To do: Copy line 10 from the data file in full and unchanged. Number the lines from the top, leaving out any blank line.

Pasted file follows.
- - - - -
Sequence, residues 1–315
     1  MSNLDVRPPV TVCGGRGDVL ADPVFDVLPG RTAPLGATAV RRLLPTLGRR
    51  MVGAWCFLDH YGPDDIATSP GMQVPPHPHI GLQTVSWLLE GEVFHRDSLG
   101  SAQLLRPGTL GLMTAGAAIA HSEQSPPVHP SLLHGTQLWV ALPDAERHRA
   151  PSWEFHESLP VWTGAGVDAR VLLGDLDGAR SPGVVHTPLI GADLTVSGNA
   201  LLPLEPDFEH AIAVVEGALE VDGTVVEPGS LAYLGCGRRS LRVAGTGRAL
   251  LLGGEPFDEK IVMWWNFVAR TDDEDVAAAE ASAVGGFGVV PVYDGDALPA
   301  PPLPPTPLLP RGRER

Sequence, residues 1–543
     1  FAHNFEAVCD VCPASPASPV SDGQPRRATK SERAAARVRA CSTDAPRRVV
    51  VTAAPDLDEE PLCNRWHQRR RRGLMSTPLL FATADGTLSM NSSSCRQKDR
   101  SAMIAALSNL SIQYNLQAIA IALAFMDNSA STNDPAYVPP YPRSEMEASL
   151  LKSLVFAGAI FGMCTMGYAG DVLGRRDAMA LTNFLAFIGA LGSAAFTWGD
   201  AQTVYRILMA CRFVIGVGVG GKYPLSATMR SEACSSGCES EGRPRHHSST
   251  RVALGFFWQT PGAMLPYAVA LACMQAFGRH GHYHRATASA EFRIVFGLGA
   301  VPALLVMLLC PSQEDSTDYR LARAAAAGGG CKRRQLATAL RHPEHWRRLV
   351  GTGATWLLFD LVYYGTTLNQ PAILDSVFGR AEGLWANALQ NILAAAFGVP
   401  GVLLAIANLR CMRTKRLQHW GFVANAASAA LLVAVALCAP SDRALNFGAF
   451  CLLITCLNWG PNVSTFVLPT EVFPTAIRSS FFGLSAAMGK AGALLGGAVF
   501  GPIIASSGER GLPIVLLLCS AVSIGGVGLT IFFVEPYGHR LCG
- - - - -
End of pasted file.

     1  FAHNFEAVCD VCPASPASPV SDGQPRRATK SERAAARVRA CSTDAPRRVV